25

I am trying to force a remote shutdown from my laptop to my PC:

machine> shutdown -m \\192.168.2.10 -s -f -t 0
192.168.2.10: Access denied(5)

I am in a WLAN/LAN environment:

  • Laptop is in WLAN with IP 192.168.2.100 (DHCP), Win 7 (64 bit)
  • PC is connected via LAN 192.168.8.10 (static), Win 7 (32 bit)
  • Router IP 192.168.2.1/Subnetmask 255.255.255.0

Access to PC is restricted by username and password.

What do I have to change about the command or about the systems configurations - whilst access restrictions have to remain as is?

3
  • do you have a domain set up? and are you wanting to do this using the credentials you are logged in with?
    – user359135
    May 13 '13 at 16:18
  • No domain but workgroup. I want to use the user and pass I am using on my PC - not my laptop credentials. May 13 '13 at 16:53
  • 3
    requesting to move this question to Superuser instead
    – chmod
    Jan 15 '15 at 3:23
40

You can use the NET USE command to authenticate on the remote server and then use shutdown.exe

NET USE \\MyServer\IPC$ mypassword /USER:myuser

http://www.squidworks.net/2011/07/how-to-pass-a-username-and-password-to-windows-shutdown-exe-command/

This does not work with UAC enabled, unless the policy LocalAccountTokenFilterPolicy is enabled on the remote server.

When a user who is a member of the local administrators group on the target remote computer establishes a remote administrative connection by using the net use * \remotecomputer\Share$ command, for example, they will not connect as a full administrator. The user has no elevation potential on the remote computer, and the user cannot perform administrative tasks.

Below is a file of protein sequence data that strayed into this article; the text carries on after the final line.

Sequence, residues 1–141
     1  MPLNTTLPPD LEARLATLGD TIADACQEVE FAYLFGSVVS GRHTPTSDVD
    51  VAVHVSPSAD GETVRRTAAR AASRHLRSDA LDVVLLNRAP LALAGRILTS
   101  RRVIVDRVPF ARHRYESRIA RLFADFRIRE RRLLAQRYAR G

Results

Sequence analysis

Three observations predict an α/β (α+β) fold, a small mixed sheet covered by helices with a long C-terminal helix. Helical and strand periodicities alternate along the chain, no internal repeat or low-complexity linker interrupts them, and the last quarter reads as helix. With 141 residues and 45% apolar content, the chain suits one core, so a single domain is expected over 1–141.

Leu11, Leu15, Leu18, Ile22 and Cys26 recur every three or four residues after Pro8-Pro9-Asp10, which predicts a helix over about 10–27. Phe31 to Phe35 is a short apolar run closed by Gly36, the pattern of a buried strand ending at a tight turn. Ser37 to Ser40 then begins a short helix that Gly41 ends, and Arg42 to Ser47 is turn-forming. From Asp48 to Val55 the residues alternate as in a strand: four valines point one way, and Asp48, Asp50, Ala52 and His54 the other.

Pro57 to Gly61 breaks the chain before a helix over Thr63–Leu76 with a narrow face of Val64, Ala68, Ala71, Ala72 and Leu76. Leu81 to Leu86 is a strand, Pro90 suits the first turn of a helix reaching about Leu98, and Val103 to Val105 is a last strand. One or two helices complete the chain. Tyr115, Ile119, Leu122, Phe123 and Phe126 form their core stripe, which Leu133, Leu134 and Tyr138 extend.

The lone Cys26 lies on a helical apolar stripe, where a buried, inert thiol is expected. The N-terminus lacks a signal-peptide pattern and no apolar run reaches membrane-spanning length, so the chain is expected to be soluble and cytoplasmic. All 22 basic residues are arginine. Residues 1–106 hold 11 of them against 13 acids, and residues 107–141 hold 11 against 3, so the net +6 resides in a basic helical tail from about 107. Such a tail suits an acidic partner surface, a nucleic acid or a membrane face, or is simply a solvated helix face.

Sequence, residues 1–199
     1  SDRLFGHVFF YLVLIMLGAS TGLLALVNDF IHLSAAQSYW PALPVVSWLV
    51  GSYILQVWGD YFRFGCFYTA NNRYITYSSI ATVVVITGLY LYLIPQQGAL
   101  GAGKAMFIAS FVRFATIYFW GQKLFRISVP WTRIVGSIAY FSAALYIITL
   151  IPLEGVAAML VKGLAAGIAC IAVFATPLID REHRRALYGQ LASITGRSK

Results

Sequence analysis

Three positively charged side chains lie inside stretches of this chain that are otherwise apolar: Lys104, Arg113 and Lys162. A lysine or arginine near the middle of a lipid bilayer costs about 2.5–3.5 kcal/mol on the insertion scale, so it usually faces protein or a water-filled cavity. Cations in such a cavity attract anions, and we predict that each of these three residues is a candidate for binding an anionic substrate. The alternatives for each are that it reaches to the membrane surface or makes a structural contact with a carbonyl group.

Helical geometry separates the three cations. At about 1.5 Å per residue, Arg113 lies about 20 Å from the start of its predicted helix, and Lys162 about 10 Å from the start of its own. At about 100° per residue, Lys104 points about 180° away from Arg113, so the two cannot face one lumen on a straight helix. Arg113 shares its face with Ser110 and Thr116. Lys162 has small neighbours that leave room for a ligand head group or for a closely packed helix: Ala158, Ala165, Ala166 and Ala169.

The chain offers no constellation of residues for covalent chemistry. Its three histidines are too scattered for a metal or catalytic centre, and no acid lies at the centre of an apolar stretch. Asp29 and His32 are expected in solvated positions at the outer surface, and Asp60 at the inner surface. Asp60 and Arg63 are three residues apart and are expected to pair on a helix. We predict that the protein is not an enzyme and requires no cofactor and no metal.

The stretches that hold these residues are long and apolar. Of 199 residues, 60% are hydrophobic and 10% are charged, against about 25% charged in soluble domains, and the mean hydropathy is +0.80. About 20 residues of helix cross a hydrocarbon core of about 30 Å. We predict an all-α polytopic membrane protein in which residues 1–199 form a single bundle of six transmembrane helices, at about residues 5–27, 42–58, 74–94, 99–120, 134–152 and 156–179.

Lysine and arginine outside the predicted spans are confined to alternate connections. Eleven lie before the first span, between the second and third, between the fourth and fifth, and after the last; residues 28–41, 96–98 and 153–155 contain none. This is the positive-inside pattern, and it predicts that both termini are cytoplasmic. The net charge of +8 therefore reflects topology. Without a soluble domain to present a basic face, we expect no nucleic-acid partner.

8
  • 2
    It's basically the server port for the SMB protocol in Windows (en.wikipedia.org/wiki/…), which let's you talk to the Windows OS from a different machine.
    – jveazey
    Nov 30 '13 at 8:45
  • It doesn't work... I get "The command completed successfully" from NET USE, the I still get "Access is denied.(5)" from shutdown...
    – lornova
    Sep 6 '15 at 14:52
  • 1
    I found the cause, it's UAC. I had to enable the policy LocalAccountTokenFilterPolicy
    – lornova
    Sep 6 '15 at 15:19
  • Does one have to enable LocalAccountTokenFilterPolicy on the local or the remote machine?
    – wensveen
    Apr 13 '16 at 12:07
  • @wensveen It's on the remote server. I've added clarification about LocalAccountTokenFilterPolicy, as well as, a quote from MSDN.
    – jveazey
    Apr 13 '16 at 16:57

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